Grieve not when friends / and kinfolks die / They gain by death eternitie / Heir lyes AGNAS DVNBAR / who departit the 18 of Ian 1682


The entrance to the Grant of Ardoch Mausoleum, prior to being repaired in 2016.
Photo: Andrew Dowsett

Agnes had, in fact, died two years after the lady in whose honour the mausoleum was built, her son’s first wife, Florence Dunbar, who had died in 1680. We have not yet identified the exact relationship between Agnes and Florence.

The record shows that the first William Grant of Ardoch had died in 1675, as that is when his eldest son was served heir to him (Retours of Services of Heirs):

(5823) Jul. 29. 1675. Joannes Grant de Riesollis, haeres masculus Gulielmi Grant de Ardoch, patris. xxxv. 95.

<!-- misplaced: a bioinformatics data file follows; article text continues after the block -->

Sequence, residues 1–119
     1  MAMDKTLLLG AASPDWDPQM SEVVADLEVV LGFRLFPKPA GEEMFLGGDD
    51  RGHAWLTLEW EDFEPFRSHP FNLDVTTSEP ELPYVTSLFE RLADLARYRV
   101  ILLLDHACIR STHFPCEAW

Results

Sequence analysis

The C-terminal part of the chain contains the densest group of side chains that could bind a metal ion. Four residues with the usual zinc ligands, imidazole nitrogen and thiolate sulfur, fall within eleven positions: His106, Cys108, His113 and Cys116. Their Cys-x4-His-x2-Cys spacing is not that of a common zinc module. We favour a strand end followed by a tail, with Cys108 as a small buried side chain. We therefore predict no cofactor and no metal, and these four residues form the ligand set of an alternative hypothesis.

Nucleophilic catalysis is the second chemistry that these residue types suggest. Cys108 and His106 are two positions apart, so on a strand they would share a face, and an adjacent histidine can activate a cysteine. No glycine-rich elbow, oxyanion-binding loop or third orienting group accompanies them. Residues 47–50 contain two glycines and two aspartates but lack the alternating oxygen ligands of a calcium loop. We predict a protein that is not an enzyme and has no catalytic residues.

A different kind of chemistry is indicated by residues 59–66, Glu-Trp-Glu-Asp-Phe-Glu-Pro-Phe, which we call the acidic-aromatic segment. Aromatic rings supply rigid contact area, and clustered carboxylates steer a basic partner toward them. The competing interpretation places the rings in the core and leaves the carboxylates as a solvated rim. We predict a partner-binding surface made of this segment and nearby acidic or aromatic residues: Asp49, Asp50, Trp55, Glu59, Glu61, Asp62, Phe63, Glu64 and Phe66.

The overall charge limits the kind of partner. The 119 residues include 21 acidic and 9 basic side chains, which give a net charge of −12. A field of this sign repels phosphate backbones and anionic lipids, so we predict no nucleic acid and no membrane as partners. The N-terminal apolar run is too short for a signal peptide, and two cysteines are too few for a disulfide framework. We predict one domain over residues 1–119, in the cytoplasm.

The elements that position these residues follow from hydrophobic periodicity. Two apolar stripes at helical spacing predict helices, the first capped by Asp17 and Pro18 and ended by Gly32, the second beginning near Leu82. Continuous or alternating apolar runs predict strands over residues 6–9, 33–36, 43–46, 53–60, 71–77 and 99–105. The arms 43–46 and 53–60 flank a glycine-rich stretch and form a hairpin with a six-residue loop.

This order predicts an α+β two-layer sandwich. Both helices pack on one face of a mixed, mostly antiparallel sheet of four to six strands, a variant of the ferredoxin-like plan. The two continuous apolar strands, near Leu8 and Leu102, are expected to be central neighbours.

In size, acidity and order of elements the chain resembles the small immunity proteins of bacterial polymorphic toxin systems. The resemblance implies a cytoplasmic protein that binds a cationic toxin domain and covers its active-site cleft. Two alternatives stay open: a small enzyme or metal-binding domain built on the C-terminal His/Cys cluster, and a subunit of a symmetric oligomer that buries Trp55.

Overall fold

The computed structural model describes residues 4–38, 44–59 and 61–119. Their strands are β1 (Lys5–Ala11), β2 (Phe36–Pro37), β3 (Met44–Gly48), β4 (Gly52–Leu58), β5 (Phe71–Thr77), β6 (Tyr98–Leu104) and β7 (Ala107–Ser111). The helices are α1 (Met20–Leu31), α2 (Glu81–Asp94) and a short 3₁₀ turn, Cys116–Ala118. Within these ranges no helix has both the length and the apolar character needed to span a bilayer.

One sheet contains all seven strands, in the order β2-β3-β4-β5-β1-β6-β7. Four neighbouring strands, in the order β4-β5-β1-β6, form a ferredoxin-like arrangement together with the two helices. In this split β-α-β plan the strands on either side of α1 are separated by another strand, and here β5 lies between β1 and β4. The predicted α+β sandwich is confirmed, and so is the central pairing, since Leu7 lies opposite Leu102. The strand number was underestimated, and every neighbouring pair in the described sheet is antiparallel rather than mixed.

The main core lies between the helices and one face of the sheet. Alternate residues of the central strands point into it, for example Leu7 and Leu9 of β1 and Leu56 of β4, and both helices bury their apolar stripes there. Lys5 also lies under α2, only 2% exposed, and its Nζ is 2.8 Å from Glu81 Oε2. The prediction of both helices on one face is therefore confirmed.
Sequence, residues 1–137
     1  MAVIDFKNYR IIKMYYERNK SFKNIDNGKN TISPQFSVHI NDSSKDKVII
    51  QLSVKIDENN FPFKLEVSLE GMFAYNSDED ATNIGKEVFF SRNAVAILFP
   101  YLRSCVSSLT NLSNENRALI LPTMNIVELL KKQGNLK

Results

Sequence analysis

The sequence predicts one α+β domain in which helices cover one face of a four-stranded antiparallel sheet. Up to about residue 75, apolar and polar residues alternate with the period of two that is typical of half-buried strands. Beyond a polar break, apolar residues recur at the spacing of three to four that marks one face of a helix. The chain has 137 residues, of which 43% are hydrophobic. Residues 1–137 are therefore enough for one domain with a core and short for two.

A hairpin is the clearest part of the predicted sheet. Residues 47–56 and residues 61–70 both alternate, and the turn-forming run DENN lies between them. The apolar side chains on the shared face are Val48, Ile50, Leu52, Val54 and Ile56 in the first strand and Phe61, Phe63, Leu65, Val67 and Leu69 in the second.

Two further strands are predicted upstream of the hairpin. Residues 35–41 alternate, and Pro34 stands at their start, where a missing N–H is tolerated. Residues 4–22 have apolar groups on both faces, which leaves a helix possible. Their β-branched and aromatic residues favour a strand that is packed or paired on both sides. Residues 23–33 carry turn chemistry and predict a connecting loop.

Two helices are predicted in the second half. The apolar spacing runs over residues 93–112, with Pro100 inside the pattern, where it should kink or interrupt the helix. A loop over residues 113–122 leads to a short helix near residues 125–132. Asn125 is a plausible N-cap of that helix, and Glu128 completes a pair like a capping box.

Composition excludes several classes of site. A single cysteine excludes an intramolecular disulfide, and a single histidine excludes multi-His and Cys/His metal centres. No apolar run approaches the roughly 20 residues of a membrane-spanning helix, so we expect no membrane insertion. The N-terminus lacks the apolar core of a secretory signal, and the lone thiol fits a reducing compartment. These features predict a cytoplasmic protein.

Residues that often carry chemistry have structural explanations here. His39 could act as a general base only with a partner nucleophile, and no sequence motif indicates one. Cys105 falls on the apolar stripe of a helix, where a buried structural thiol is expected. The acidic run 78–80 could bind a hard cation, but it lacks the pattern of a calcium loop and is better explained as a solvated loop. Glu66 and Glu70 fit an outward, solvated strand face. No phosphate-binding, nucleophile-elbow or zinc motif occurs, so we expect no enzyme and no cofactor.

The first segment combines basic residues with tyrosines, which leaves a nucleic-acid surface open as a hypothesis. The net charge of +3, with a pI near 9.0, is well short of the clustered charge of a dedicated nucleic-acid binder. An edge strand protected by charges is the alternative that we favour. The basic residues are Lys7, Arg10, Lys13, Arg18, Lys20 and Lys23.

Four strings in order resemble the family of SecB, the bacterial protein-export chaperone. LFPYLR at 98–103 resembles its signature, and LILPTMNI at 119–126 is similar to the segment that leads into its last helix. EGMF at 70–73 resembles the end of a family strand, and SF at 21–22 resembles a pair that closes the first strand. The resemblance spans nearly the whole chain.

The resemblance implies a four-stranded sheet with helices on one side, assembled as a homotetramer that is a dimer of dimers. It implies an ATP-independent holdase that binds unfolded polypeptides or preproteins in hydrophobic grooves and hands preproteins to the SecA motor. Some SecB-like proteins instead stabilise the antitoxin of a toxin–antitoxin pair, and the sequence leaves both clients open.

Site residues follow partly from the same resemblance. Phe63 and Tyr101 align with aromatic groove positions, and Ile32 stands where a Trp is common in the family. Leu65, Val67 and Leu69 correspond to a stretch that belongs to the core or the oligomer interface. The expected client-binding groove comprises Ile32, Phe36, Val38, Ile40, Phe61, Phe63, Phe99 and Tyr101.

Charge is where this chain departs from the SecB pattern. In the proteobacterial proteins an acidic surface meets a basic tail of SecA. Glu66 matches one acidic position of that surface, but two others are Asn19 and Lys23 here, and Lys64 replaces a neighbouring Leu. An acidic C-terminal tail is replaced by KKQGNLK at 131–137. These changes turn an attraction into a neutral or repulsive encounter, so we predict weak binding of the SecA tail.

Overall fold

We know William and Agnes had at least two sons: the first born being John and the second William Grant of Ardoch.

 

John Grant of Resolis becomes John Grant of Dunskaith

The eldest son of the first William Grant of Ardoch became John Grant of Resolis. This was before the parish name of Resolis originated. John Grant, from the number of sasines in which he occurs (30 in the local register alone!), was a bit of a wheeler-dealer in land, but the first sasine in which he occurs in the area is of particular interest as it describes Resolis at the time. Resolis included modern Newmills, the former Church of Scotland, Resolis Cottage and Bog of Resolis. A sasine of 1665 (RS38/2 f277 verso) sets out the boundary of the land referring mostly to obscure local names of features. The writing is challenging, but fortunately is complemented by a later sasine of 1676 in a different hand referring to the same land (RS38/4 f420 recto), and together the land was bounded viz.